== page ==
In Bloomberg Markets: Balance of Power, host David Gura focuses on the politics and policies being shaped by President Trump's administration.
Runtime: 60 minutes
Bloomberg Markets: Balance of Power - Shadow banking system - Netflix
The shadow banking system is a term for the collection of non-bank financial intermediaries that provide services similar to traditional commercial banks but outside normal banking regulations. The phrase “shadow banking” contains the pejorative connotation of back alley loan sharks. Many in the financial services industry find this phrase offensive and prefer the euphemism “market-based finance”. This definition was first put forward by PIMCO (Pacific Investment Management Company) executive director Paul McCulley at FED (Federal Reserve System) annual meeting in 2007. Former US Federal Reserve Chair Ben Bernanke provided the following definition in November 2013:
“Shadow banking, as usually defined, comprises a diverse set of institutions and markets that, collectively, carry out traditional banking functions — but do so outside, or in ways only loosely linked to, the traditional system of regulated depository institutions. Examples of important components of the shadow banking system include securitization vehicles, asset-backed commercial paper [ABCP] conduits, money market funds, markets for repurchase agreements, investment banks, and mortgage companies”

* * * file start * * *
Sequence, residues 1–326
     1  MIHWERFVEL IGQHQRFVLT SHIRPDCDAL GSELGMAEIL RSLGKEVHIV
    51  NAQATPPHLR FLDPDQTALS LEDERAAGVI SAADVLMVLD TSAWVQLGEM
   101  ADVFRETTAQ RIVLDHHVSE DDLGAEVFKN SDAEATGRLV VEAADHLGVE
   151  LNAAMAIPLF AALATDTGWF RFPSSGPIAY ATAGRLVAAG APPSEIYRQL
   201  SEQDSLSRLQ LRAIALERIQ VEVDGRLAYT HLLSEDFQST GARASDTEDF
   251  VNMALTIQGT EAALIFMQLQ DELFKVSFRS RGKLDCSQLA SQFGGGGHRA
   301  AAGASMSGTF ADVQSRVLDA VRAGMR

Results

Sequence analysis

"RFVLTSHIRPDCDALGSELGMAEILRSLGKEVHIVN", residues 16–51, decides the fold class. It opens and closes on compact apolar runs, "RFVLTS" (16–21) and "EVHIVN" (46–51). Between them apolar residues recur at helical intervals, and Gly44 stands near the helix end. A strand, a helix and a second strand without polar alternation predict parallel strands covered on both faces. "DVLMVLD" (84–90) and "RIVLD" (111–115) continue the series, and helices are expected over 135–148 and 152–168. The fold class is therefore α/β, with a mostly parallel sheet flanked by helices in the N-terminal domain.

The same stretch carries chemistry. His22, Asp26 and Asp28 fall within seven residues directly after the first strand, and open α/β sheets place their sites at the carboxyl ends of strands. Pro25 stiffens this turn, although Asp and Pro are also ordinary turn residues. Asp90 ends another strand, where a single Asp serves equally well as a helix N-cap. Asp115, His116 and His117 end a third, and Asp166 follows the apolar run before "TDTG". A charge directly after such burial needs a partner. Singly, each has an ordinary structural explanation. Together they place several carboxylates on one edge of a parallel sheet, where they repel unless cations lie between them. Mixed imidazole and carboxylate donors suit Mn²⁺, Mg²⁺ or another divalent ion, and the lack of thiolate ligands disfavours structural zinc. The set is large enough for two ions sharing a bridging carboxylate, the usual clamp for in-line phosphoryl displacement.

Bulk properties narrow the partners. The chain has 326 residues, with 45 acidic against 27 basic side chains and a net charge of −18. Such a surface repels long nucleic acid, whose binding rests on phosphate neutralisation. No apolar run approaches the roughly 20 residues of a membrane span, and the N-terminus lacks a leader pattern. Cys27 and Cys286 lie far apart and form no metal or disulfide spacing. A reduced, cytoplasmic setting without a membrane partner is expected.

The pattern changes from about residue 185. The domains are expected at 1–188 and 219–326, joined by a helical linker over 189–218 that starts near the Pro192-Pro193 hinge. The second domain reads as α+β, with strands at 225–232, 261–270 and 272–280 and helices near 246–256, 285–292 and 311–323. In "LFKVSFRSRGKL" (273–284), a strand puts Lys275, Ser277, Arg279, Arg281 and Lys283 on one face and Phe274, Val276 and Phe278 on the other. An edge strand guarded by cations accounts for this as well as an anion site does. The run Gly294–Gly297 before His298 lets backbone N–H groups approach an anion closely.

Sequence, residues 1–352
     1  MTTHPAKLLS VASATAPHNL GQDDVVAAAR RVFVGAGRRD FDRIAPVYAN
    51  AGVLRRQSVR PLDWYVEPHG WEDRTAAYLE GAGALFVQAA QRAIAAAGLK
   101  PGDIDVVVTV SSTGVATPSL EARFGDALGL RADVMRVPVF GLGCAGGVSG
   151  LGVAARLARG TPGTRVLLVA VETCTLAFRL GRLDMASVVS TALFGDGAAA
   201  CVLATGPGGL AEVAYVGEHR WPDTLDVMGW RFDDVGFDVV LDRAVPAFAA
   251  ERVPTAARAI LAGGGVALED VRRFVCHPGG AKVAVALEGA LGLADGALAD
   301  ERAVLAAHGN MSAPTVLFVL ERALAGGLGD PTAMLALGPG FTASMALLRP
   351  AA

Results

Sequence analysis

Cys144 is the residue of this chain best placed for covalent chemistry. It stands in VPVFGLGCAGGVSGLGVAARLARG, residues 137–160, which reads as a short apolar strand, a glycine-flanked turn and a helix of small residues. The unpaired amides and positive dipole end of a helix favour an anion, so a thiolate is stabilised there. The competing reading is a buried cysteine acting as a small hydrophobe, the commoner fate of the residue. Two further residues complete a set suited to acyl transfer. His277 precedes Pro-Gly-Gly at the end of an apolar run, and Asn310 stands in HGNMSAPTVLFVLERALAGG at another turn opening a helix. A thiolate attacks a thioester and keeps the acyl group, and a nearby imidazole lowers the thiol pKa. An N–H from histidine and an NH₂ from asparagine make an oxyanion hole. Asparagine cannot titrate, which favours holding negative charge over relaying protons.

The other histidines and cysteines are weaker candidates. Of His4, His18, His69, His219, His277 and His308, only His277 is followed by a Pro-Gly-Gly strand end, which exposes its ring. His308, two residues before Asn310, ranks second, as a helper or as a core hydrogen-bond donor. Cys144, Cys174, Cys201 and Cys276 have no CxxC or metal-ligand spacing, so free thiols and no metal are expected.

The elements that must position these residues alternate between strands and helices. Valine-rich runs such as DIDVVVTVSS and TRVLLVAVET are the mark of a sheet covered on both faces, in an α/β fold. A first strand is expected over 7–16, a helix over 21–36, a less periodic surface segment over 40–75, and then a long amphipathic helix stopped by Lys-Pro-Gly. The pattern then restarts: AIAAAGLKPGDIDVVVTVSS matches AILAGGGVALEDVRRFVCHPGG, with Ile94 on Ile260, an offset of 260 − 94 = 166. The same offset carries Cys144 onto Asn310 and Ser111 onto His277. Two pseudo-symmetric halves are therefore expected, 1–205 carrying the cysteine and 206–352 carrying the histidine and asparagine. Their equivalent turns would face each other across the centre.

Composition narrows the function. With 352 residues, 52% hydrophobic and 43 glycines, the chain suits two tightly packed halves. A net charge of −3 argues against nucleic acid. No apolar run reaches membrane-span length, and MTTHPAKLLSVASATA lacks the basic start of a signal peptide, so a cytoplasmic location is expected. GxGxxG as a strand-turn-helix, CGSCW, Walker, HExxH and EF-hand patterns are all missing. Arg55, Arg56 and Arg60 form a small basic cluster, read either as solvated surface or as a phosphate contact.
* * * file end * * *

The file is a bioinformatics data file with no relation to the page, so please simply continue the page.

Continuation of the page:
Shadow banking has grown in importance to rival traditional depository banking, and was a primary factor in the subprime mortgage crisis of 2007-2008 and the global recession that followed.
Bloomberg Markets: Balance of Power - Examples - Netflix
During 1998, the highly leveraged and unregulated hedge fund Long-Term Capital Management failed and was bailed out by several major banks at the request of the government, which was concerned about possible damage to the broader financial system. Structured investment vehicles (SIVs) first came to public attention at the time of the Enron scandal. Since then, their use has become widespread in the financial world. In the years leading up to the crisis, the top four U.S. depository banks moved an estimated $5.2 trillion in assets and liabilities off their balance sheets into special purpose vehicles (SPEs) or similar entities. This enabled them to bypass regulatory requirements for minimum capital adequacy ratios, thereby increasing leverage and profits during the boom but increasing losses during the crisis. New accounting guidance was planned to require them to put some of these assets back onto their books during 2009, with the effect of reducing their capital ratios. One news agency estimated the amount of assets to be transferred at between $500 billion and $1 trillion. This transfer was considered as part of the stress tests performed by the government during 2009.
Bloomberg Markets: Balance of Power - References - Netflix